Cutting Celery: A Cold-Tolerant, Neglected Herb

In November, when I was pulling out the blackened tomatoes and peppers, I noticed a spot of green to the right of the veggie bed. One of my favorite herbs was still going strong despite the frost.  My three cutting celery plants were green with beautiful, feathery leaves.

I use cutting celery in the kitchen quite frequently – unlike celery you buy in a store, cutting celery can add a spicy, pepper-like flavor to meals. Cutting celery (Apium graveolens var. secalinum) looks more like parsley than the stalk celery (Apium graveolens var. dulce) that one purchases in a grocery store. This small, bushy plant has short, hollow stems and plenty of parsley-like leaves. Cutting celery is a very old herb, more popular in European and Asian countries (sometimes it is called Chinese celery). It is not difficult to grow but probably difficult to find as a plant here in the Washington DC area. I start mine from seed under lights, several weeks before the last frost in the spring. I then plant them outside in May, in a very moist area. This particular area is a depression in the veggie bed where rain water collects making the soil moist enough to keep the celery plants happy but too wet for my other vegetables and herbs. Celery needs a constant supply of moisture and a few shots of nitrogen in the summer.

I cut the stems as needed, leaving the plant in the ground. After washing and chopping, I add leaves and stems together to stir fry dishes, soups, stews, and egg and potato dishes toward the end of the cooking period.  Cutting celery has a very strong flavor, more pungent and spicy than stalk celery, much like black pepper. Sometimes I add about a spoonful to a green salad to add that peppery flavor in small amounts. I also sauté chopped celery with diced green pepper and tomato to add to fish or chicken. The leaves can be used as a garnish, either in a drink like a straw or under the entrée, like a roast, on a platter.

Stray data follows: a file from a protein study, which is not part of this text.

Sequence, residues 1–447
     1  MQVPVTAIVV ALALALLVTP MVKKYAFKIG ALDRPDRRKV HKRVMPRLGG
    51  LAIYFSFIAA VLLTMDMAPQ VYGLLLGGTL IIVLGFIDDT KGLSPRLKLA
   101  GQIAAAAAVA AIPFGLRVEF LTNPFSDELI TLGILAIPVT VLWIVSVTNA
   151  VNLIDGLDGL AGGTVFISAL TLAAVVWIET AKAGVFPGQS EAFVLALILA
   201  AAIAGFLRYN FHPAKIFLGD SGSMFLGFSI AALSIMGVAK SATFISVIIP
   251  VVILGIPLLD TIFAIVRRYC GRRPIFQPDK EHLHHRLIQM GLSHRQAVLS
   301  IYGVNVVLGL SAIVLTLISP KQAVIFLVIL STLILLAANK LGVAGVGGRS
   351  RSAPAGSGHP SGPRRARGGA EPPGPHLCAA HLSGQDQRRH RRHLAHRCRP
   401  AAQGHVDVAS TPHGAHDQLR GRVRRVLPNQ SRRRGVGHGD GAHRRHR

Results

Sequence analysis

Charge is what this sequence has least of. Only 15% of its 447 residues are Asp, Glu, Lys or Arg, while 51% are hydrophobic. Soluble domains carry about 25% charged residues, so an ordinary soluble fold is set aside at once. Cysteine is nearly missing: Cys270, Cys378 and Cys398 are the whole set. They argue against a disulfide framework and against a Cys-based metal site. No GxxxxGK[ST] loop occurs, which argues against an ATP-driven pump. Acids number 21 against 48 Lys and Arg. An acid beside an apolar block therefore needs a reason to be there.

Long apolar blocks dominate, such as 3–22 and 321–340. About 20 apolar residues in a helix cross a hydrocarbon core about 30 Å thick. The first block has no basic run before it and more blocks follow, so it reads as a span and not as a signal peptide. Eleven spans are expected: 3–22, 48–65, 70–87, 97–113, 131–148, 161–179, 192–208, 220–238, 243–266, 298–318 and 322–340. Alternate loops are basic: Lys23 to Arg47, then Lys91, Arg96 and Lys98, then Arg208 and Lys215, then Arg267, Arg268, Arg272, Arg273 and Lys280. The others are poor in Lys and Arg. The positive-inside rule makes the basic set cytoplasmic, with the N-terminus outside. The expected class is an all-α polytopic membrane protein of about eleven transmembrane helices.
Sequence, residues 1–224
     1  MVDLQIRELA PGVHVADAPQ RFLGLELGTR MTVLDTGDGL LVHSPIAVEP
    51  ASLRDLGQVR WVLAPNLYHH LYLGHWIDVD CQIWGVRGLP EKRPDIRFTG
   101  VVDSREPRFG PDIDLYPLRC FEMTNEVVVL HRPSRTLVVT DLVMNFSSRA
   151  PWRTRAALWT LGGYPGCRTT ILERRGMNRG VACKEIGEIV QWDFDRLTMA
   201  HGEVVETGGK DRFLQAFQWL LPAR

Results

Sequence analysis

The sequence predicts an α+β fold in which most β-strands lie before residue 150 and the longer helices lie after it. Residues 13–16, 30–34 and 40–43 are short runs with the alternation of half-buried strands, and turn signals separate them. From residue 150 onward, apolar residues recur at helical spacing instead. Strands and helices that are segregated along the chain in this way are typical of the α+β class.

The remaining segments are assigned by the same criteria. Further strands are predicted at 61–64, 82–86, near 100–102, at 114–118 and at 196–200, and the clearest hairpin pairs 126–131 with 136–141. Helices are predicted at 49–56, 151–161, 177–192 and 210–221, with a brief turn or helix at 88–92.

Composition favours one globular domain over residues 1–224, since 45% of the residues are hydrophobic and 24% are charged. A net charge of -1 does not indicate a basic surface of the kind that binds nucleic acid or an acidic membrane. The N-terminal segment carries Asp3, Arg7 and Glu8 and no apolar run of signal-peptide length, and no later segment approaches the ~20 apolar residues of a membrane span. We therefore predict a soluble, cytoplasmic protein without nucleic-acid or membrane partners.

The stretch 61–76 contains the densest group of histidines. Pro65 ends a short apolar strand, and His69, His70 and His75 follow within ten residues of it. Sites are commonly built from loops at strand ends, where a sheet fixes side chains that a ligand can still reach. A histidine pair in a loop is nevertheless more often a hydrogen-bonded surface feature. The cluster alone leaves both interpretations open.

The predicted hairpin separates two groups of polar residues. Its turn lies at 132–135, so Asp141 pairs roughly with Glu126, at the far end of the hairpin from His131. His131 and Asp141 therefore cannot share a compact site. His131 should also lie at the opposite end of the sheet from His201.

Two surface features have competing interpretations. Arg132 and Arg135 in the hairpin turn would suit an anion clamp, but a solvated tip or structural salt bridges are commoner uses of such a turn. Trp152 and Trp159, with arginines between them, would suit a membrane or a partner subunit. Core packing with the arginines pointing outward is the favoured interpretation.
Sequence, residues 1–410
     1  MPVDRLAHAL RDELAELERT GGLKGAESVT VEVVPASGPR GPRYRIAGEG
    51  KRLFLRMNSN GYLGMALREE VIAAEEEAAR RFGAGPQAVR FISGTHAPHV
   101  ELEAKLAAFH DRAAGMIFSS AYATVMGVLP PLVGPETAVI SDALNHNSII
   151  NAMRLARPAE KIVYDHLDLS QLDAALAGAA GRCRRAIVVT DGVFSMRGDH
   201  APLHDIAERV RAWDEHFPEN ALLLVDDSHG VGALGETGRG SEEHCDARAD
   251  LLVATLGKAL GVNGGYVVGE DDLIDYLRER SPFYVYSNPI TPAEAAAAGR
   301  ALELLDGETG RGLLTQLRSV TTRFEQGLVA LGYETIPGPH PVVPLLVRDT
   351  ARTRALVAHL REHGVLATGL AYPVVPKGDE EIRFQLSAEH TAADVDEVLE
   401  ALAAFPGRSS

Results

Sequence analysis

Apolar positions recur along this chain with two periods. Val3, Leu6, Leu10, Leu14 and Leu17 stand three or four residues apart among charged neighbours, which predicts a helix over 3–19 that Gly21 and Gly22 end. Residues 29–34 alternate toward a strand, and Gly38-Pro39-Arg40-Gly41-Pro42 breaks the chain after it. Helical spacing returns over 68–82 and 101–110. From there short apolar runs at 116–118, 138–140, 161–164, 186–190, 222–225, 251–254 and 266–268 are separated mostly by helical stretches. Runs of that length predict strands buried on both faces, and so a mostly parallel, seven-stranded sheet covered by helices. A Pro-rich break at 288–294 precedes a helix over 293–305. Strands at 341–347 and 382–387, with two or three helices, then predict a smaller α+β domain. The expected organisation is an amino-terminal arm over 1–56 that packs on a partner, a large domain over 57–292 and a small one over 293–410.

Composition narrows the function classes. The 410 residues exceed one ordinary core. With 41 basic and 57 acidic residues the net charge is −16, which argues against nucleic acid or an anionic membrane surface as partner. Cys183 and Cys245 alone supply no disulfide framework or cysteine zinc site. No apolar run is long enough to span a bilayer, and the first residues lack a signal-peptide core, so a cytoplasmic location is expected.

A member of the carrot family, cutting celery is a biennial but in my zone 7 garden, I treat it as an annual. Although it is hardy, it sits in a very wet area that will freeze soon, which could kill the roots.  It is better for me to treat my plants as annuals and plan to start a few more from seed each year. If we had an unusually mild winter and my plants did survive, they would flower and set seed, which I could save to grow the following year.

 

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